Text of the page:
Organic Cotton: One of Nature’s Greatest Gifts
Organic cotton is the purest form of cotton, grown without synthetic pesticides, herbicides, fertilizers, and defoliants and is grown without genetically modified organisms (GMOs).
Organic-certified farmers grow organic cotton with the help of natural fertilizers, beneficial insects, and innovative weeding techniques. These systems, at the same time, replenish and help maintain soil fertility while enhancing biodiversity that protects air and water.
There are several reasons why organic textiles are kinder, cleaner and better:
- Organic fibres are grown without using harmful pesticides or genetically modified organisms so promote a healthier farm and environment.
- Harmful manufacturing chemicals are not allowed in organic textile production, so it’s better for wildlife and workers.
- Social conditions are high in organic textile factories, and organic cotton production can help farmers find a way out of poverty.
- Animal welfare is at the heart of organic systems, so is better for animals.
- Organic textiles don’t contain allergenic, carcinogenic or toxic chemicals.
Organic Cotton & Sensitive Skin
Cotton and silk are the two best natural fabrics for sensitive skins. Cotton is absorbent and cool, silk is more expensive than cotton but is warmer.
Care should be taken when selecting clothing for children who have skin problems.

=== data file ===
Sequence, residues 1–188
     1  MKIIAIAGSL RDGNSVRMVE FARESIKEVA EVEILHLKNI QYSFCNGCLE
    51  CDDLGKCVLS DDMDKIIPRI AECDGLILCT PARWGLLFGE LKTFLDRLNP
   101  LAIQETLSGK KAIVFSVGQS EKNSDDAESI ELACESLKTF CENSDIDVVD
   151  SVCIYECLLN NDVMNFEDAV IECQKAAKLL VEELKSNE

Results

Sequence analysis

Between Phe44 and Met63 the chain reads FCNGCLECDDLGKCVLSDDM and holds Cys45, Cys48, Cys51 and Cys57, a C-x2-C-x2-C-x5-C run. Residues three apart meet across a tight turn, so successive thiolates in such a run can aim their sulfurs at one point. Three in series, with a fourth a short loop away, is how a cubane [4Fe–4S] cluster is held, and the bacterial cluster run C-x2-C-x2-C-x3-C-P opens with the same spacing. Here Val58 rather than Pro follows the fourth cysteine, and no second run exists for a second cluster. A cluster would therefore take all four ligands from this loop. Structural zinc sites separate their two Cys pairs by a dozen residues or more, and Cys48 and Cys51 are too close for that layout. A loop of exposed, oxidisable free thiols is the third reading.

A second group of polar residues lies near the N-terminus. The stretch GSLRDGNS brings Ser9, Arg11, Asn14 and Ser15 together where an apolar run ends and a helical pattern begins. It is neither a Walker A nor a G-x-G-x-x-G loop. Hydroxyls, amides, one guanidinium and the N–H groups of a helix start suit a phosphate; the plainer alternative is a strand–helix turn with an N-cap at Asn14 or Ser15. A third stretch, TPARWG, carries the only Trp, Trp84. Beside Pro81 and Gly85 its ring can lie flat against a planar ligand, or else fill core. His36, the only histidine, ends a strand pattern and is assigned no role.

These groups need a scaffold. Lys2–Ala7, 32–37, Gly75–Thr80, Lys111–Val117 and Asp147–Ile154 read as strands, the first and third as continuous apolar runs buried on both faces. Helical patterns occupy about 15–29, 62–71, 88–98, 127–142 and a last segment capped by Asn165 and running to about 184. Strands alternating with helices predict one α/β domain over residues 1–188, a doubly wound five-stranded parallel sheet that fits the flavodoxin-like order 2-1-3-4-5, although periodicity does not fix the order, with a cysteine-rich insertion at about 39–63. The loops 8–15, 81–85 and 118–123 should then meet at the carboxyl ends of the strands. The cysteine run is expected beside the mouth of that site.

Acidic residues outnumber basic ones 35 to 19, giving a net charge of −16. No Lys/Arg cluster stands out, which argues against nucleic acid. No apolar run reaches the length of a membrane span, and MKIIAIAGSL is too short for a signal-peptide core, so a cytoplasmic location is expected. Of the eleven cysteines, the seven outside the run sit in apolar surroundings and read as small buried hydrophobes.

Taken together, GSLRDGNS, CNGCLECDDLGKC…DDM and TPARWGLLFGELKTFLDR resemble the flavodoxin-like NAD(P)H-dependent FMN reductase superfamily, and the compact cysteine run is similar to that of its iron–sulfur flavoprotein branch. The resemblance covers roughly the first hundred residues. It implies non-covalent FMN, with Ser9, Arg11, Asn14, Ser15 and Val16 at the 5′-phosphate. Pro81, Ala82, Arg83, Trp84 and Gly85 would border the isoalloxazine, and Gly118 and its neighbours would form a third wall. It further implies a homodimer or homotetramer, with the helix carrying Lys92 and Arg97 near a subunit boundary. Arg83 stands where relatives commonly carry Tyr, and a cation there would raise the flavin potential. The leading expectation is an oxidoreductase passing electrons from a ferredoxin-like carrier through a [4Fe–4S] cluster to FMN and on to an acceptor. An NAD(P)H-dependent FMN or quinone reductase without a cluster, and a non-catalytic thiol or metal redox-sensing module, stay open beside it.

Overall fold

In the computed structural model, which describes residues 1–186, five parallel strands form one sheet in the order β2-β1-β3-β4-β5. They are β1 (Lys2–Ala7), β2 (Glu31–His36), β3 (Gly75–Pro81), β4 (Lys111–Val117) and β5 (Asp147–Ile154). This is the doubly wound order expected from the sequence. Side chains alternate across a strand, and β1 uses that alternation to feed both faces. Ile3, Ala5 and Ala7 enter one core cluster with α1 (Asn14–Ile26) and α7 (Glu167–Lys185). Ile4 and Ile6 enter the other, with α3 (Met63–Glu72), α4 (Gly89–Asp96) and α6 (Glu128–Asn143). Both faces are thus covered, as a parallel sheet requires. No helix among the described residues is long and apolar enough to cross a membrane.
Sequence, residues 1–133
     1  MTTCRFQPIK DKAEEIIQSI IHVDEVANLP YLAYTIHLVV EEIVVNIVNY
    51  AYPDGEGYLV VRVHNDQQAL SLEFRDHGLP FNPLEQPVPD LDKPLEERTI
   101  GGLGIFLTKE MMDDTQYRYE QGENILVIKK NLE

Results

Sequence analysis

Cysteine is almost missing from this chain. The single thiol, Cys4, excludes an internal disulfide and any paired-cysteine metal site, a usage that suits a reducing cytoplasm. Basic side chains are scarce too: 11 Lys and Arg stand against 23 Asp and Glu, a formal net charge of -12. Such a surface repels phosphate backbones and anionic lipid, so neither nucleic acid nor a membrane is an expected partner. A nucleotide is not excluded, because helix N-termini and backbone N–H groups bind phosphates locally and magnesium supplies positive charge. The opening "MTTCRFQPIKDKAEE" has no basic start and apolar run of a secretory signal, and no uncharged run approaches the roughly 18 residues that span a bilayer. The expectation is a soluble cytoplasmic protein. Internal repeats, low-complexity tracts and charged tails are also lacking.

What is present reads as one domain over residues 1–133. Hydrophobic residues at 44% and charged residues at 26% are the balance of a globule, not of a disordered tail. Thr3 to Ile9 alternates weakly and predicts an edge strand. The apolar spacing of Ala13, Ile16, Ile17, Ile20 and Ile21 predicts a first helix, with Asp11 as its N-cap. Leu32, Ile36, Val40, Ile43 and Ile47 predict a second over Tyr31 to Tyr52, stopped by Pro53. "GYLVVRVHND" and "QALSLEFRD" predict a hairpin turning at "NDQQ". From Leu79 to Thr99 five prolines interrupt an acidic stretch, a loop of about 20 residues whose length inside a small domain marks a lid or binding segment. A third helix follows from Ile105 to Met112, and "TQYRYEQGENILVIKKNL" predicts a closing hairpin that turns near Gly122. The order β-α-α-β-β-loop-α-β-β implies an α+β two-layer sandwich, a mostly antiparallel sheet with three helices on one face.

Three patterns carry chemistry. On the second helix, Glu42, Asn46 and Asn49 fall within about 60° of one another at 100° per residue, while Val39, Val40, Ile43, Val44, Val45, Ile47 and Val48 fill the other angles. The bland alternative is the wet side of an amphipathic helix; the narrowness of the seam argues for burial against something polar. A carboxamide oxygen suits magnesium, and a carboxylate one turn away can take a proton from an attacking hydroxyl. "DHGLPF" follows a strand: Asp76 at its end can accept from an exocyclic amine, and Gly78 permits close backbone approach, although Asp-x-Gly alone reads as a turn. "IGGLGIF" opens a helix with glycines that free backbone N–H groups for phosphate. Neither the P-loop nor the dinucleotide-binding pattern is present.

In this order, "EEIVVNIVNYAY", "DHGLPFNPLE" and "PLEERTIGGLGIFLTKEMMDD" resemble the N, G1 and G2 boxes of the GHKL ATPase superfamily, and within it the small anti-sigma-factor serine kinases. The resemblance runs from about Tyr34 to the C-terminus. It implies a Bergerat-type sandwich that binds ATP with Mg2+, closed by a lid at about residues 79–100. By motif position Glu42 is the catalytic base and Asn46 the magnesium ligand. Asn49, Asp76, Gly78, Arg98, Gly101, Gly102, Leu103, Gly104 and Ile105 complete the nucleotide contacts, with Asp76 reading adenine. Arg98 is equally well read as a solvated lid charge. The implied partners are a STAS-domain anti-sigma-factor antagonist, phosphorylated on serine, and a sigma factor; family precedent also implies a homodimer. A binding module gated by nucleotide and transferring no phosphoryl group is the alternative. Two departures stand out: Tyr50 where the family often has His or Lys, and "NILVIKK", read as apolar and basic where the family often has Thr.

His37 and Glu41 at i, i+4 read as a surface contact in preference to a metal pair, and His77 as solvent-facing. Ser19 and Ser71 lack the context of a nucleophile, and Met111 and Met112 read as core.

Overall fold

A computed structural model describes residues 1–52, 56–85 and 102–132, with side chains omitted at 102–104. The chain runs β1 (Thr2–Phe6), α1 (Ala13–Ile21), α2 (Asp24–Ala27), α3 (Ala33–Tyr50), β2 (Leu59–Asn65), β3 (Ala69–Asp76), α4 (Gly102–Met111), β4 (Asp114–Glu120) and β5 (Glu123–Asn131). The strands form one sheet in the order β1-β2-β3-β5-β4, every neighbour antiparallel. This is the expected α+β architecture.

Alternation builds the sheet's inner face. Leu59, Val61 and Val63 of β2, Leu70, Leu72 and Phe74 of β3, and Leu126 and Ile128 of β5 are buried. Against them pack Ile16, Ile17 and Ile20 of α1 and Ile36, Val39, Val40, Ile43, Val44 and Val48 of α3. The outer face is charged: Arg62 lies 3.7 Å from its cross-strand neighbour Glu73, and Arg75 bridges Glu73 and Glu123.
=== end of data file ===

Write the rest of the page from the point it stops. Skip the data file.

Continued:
It can be difficult for children or indeed anyone who suffers from eczema to find comfortable clothing, particularly when there has been a flare up of the condition.
Clothing can aggravate eczema as skin can be very hot and heat increases itch.
Avoid harsh synthetic fabrics.
Use thin layers rather than one thick layer of clothing
Organic Cotton Clothing is always a good choice for a baby with sensitive skin.
Organic Cotton V's Regular Cotton
First, there’s a major difference between regular cotton and organic cotton.
Here are some facts you may not know about conventionally grown cotton:
Cotton farming takes up only about 2.5% of the world’s total farmland, but uses 16% of the world's insecticides, more than any other single major crop.
Other environmental consequences of the elevated use of chemicals in the non organic cotton growing methods consist of:
- High levels of agrochemicals are used in the production of non-organic, conventional cotton.
- Cotton production uses more chemicals per unit area than any other crop and accounts in total for 10-16% of the world's pesticides (including herbicides, insecticides, and defoliants).
- Chemicals used in the processing of cotton pollute the air and surface waters.
- Decreased biodiversity and shifting equilibrium of ecosystems due to the use of pesticides.
- Each acre of cotton harvested every year in the U.S. is sprayed with an average of 13 pounds of pesticides, herbicides, and defoliants.
- The World Health Organization classifies half of cotton crop chemicals each year as “hazardous”.
- Toxic defoliating chemicals are used to harvest the cotton.
And this long list doesn’t even include the billions of pounds of synthetic fertilizers used for cultivating cotton. The runoff from these fertilizers can create aquatic "dead zones" in waterways, killing off species of aquatic life.